Taking a good photograph is no longer restricted to professional photographers. With the right skill and a smartphone, capturing the perfect shot has becoming a lot easier.
Tamiranashe Zizhou is a mobile phone photographer who takes pictures of Harare architecture and local events using a Sony Xperia Z3. Zizhou told Harare News, “I wanted to take up photography as a profession for a long time, but because photography equipment is expensive I started working on compositions using my mobile phone. Soon it became apparent that mobile photography was versatile. I travel everywhere with my cell phone, so it was very easy to do it more often.”
Zizhou went on to say, “There are so many subjects and a lot to capture if you walk around with your mobile. In the age of smartphones don’t limit yourself to a few filters to enhance your art. Invest in photography applications that can help you bring out the most in your images.”
Harare News spoke to Steven Chikosi, a self-taught photographer and videographer, on what makes a good photo. Chikosi said, “Keep your device steady when you take a photo to avoid blurry photos. It’s good to get two or three takes of the same shot just in case the others don’t come out well. Try different perspectives for more interesting results. The size of your smart phone means you can put it in different positions and angles that you wouldn’t be able to do with a bigger camera. Most importantly, use the rule of thirds, a technique designed to help artists and photographers build drama and interest in a shot. This helps you produce more engaging and better balanced images.”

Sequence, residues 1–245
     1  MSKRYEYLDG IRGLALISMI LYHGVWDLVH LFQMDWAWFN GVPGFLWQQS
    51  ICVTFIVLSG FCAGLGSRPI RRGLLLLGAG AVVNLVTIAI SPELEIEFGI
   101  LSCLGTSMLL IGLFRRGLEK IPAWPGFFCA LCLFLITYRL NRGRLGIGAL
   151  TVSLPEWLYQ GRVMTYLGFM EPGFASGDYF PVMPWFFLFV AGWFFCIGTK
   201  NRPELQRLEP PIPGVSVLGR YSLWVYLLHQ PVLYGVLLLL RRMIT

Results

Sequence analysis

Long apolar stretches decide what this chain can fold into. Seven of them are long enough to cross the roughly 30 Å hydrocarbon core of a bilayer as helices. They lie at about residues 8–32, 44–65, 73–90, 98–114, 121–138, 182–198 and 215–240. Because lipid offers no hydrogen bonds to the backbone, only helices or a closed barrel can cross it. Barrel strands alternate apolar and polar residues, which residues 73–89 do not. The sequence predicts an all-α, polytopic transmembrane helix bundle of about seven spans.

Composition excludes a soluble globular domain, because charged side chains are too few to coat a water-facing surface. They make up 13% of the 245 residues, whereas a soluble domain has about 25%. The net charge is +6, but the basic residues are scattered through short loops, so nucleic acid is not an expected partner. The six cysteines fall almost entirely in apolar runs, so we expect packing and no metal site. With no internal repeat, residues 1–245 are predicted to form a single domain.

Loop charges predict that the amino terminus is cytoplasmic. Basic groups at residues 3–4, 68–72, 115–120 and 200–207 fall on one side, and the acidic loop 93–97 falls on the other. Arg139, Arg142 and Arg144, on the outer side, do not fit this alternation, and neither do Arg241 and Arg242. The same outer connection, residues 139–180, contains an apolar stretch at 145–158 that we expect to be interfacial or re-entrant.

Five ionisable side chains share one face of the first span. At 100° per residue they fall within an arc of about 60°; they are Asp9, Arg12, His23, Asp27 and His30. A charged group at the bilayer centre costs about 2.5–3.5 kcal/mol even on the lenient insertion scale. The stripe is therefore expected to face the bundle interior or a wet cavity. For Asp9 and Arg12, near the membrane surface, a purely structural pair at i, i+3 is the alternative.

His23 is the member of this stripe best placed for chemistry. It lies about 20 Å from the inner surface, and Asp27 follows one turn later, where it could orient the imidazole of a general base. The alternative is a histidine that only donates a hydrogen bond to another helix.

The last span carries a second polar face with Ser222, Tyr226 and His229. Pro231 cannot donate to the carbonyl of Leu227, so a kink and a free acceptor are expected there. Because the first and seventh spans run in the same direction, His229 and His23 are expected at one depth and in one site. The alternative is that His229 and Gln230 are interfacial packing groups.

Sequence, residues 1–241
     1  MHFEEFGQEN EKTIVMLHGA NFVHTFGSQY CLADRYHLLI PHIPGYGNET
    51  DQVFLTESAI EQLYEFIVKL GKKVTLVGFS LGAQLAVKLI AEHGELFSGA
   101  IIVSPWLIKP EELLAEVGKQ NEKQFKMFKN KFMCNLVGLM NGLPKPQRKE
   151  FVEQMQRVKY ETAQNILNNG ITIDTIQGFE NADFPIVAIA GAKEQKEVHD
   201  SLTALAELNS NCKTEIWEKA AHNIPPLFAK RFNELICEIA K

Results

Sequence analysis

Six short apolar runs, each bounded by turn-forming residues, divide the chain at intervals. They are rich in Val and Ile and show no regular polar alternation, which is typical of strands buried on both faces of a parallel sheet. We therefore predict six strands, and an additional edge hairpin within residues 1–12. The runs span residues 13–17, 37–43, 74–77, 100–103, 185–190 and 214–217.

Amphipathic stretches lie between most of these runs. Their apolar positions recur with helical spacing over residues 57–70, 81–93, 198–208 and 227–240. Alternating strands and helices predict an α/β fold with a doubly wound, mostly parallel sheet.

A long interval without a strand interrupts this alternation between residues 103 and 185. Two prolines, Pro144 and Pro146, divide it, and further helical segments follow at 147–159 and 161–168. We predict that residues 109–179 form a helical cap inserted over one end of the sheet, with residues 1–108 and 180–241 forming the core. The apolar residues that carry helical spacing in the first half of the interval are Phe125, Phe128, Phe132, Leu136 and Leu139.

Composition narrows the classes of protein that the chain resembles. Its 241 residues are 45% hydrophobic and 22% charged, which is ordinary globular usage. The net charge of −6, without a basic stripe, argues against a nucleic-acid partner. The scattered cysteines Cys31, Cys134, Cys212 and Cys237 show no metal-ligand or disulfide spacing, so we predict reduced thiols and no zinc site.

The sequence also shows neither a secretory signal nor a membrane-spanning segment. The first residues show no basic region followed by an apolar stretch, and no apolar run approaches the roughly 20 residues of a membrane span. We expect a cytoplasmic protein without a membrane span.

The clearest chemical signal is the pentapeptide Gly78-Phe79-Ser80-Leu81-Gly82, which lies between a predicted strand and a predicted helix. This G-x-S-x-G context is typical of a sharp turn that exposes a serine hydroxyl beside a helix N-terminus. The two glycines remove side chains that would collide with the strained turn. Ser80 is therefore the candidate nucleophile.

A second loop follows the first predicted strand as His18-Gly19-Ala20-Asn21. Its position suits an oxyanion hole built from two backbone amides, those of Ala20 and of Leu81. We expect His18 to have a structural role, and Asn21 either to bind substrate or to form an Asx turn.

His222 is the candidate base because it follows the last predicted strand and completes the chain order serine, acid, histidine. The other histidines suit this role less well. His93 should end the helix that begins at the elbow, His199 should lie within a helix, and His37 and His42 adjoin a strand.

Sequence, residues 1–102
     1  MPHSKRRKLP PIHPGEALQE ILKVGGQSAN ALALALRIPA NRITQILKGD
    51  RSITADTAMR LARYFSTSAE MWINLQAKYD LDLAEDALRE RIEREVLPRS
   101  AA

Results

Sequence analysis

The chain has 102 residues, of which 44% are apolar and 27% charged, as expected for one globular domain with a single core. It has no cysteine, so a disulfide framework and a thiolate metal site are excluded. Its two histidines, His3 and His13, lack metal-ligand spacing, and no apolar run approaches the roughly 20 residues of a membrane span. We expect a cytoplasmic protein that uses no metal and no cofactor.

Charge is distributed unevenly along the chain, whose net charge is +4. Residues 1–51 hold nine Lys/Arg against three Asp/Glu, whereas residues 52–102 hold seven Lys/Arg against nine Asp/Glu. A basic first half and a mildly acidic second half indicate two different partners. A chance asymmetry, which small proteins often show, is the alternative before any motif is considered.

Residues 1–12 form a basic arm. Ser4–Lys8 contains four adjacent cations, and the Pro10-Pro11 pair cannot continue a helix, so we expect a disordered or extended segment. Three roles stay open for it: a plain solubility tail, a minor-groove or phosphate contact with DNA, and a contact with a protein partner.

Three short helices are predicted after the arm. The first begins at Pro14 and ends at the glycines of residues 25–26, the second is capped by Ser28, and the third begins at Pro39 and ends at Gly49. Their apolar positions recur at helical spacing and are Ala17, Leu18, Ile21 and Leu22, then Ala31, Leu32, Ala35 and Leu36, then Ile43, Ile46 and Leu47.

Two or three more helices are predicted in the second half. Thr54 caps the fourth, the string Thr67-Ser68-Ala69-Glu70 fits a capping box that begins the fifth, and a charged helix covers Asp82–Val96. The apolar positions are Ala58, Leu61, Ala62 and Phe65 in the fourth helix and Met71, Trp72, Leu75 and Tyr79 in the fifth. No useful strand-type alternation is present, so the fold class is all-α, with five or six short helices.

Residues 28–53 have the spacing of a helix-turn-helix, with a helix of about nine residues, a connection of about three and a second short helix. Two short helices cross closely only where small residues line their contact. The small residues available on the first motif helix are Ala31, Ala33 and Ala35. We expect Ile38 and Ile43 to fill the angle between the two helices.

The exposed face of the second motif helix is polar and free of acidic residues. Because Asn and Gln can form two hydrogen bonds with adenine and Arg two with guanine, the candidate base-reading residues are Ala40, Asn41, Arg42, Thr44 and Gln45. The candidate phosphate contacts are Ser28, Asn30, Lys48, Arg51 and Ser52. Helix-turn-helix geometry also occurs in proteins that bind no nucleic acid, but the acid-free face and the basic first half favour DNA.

In photography, the rule of thirds states that a good photograph should be divided into nine squares of equal size, with two horizontal lines intersecting two vertical lines. On most smartphones you can easily display these gridlines within the camera app. To turn the gridlines on go to: Settings > Photos & Camera > Grid. Once your grid is in place, align the subject of your photo with the grid lines and at any of the intersecting points to create a balanced, interesting picture.
Henry Oliver Hakulandaba is the winner of the “Cities” category Africa 2016 Photo Competition last month. His winning image depicts the skyline of Harare at night and won him a $2,000 cash prize.
“What always makes a good photo is the ability to tell a story, freezing time in that moment of space. The medium used is not as important as they all do the same job. Professional photographers will hardly use mobile phone cameras if they have a digital single-lens reflex camera [also called a digital SLR or DSLR]. But the power of mobile photography is the ability to be ready and capture a moment during crucial moments and the sharing is fast and efficient,” says Hakulandaba.
Mobile photography has also given rise to ‘selfie’ culture. A selfie is a photograph that you take of yourself, typically with a smartphone. With various social media platforms requiring a good profile picture, it’s important to know how take a good one. Here are a few tips on how to take the perfect selfie:
Experiment with angles
Tilt your head to the left and then the right as you view yourself on your phone’s screen. For most of us, one side is more attractive than the other.
Adjust your shoulder placement
If your shoulders are parallel to the camera, turn them slightly to the left and then slightly to the right, and see what looks best.
Stand in the light
Pose in an area with good lighting –either inside near a window or outside. Good lighting = flattering selfie.
Smile! Frown. Pout. Or make a silly face (avoid duck face!).
Extend your neck forward
To completely remove any double chin in your photo, and to accentuate your jaw line, extend your neck forward. This may feel funny, but it will dramatically improve how you look in the photo. Also, shoot from above. Raise the camera slightly above you and then look up, then snap!
Use a selfie stick!
Selfie tips adapted from www.improvephotography.com
Image: A picture taken with a cell phone shortlisted for the Sony World Photography Awards (2015).